Here’s a wild story from Clayton Swisher about how Qatar’s decision not to have invested with Trump when he asked a few years ago may now be coming back to haunt them bigly.
Donald Trump, his daughter Ivanka Trump and her husband Jared Kushner all repeatedly sought financing for various investments in recent years from leading figures in Qatar, according to sources with direct knowledge of the meetings.
Those previously unreported overtures have taken on new relevance as a diplomatic crisis aggravated by President Trump has left the small Gulf nation blockaded and isolated by its rivals, with tensions in the Middle East reaching historic highs.
President Trump on Friday characterized Qatar as “historically” a “funder of terrorism at a high level,” an accusation that came just an hour after his Secretary of State Rex Tillerson appealed for “no further escalation” in the Gulf Cooperation Council squabble, urging dialogue to quickly resolve the crisis, which pits Qatar against Saudi Arabia, Egypt, UAE, and Bahrain. Tillerson noted the Qatari emir “made progress in halting financial support and expelling terrorist elements from his country,” comments echoed by the U.S. ambassador to Qatar, Dana Smith, who tweeted “Qatar is a strong partner in combating terrorist financing.”
That partnership is not merely rhetorical. Qatar is home to Al-Udeid air base, the regional Central Command headquarters from which American bombers depart on daily missions against ISIS and al Qaeda. Reacting to the GCC dispute, the Defense Department praised Qatar’s commitment to fighting ISIS as its secretary, James Mattis, expressed his confidence that the turmoil would not interrupt Qatar’s contribution to those efforts.
Given the weave of interests and close cooperation between the U.S. and Qatar, many are seeking ways to interpret Trump’s abrupt turn against Qatar in the dispute. Some think the answer lies not in the realm of policy but in the history of Trump’s business deals with the various actors in the dispute.
The Trump Organization (now under the stewardship of son Donald Jr.) is reportedly in talks with Emirati tycoons to receive several billion dollars of investment in addition to owning two golf courses in Dubai. The New York Times reports that Trump has previously had as many as eight business entities registered in Jeddah alone. In 2015, Trump spoke about his admiration for the Saudis and attributed it to his business dealings with them:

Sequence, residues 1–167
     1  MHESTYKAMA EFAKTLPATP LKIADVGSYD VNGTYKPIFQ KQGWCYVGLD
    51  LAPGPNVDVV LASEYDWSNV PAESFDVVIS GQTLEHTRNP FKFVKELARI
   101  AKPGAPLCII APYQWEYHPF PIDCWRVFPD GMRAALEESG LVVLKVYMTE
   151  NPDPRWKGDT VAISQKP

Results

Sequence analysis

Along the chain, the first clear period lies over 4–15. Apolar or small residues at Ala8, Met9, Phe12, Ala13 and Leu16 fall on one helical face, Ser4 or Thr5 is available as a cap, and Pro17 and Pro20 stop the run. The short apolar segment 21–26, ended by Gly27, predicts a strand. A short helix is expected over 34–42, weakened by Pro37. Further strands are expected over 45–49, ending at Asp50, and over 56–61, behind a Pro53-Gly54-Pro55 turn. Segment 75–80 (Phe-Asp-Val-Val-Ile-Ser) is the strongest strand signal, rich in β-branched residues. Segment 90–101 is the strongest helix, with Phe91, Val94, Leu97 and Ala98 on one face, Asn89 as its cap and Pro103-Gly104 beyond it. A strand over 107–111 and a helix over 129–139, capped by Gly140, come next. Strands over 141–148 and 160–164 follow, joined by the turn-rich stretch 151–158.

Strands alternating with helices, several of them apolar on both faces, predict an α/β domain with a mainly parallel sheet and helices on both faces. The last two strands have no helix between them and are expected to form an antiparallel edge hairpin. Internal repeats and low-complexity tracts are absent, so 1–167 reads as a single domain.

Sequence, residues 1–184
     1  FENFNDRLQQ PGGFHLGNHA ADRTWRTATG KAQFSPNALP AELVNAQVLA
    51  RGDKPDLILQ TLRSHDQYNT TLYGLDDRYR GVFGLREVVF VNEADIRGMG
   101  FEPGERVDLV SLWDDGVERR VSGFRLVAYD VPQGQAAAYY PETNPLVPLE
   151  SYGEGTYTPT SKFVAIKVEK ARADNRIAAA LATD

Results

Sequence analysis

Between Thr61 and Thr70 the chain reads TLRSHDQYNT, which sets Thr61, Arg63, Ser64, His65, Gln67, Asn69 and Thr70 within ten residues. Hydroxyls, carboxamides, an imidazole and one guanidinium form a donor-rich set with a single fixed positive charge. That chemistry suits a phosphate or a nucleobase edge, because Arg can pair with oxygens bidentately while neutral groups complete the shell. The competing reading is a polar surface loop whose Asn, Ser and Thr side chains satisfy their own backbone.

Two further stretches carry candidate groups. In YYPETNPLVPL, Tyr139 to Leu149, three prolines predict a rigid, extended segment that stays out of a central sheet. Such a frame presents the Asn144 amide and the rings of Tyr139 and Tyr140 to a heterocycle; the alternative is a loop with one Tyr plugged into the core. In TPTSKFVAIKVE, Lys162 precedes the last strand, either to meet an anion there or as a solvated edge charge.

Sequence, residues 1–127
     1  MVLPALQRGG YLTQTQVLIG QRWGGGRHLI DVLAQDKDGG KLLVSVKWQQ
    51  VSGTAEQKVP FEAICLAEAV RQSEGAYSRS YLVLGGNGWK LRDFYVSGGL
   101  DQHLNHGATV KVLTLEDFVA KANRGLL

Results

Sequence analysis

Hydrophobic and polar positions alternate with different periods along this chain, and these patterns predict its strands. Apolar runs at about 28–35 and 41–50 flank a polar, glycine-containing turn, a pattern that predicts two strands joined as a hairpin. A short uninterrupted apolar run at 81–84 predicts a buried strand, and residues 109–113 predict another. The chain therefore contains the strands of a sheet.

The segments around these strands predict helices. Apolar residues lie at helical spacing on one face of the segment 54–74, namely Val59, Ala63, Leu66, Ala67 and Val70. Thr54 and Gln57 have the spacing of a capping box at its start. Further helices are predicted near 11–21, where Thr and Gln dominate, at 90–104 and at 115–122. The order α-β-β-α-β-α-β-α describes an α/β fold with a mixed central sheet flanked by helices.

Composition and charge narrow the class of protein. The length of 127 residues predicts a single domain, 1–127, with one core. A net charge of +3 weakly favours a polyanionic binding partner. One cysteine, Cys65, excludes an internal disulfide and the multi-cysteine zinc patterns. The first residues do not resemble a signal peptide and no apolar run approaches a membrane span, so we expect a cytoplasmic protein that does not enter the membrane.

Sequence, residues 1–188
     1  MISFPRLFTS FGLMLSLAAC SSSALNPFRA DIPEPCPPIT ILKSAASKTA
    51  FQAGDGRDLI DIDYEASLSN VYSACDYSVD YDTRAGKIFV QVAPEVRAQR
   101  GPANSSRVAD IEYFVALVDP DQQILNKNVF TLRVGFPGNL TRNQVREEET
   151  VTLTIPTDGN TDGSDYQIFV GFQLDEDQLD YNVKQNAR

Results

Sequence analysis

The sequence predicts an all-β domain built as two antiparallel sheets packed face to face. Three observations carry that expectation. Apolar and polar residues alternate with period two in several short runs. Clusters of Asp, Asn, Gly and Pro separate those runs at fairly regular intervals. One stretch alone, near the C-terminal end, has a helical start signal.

Saudi Arabia — and I get along great with all of them. They buy apartments from me. They spend $40 million, $50 million. Am I supposed to dislike them? I like them very much.
Therein lies the source of much consternation among Qataris. Several people interviewed for this piece expressed concern that Trump’s bias against their country might stem from a series of failed business overtures that he (along with his son-in-law Jared Kushner) made seven years ago, which are only now being reported. They did not go as swimmingly as the deals made with the Saudis and Emiratis.
In 2010, as markets were still reeling from the 2008 global economic crisis, Qatar was flush with cash and countless business executives and foreign governments came calling. Some came to get liquidity; others searching for silver linings amidst the global chaos. Trump was in the latter category, then as CEO of the Trump Organization but also as host and star of the hit domestic American reality TV show, “The Apprentice.”
Traveling with his daughter Ivanka, Trump visited Doha in 2010 for separate meetings with Qatar Investment Authority (QIA) executive board member Dr. Hussain Al-Abdullah and as well as Sheikh Hamad bin Jassim al-Thani (commonly abbreviated as “HBJ”), who was then serving as foreign minister and prime minister. Neither responded to requests for comment on this article.
At the time, the pair constituted the brain trust of Qatar’s financial and investment sector. QIA is the world’s second largest sovereign wealth fund (presently estimated at having $338 billion in assets under management). Then as now, Sheikh HBJ had renown for being kingmaker of not just political deals but financial ones too. Using his business and political savvy, he has sealed deals ranging from Britain’s Harrods to Germany’s Deutsch Bank to America’s Miramax Hollywood studios.
A source close to the 2010 talks with Trump say he made the Doha stopover (along with stops in Dubai and Abu Dhabi) to raise money for a distressed real estate fund he was assembling. Trump opened the discussion with QIA by bragging about the success of Trump International and the many deals he had personally put together. Trump had hardly got through his own biography when Dr. Al-Abdullah, QIA’s senior executive, interrupted to say words to the effect of: We know who you are and what you have done. Tell us what you can do for us right now
That single, curt interruption apparently left Trump stunned.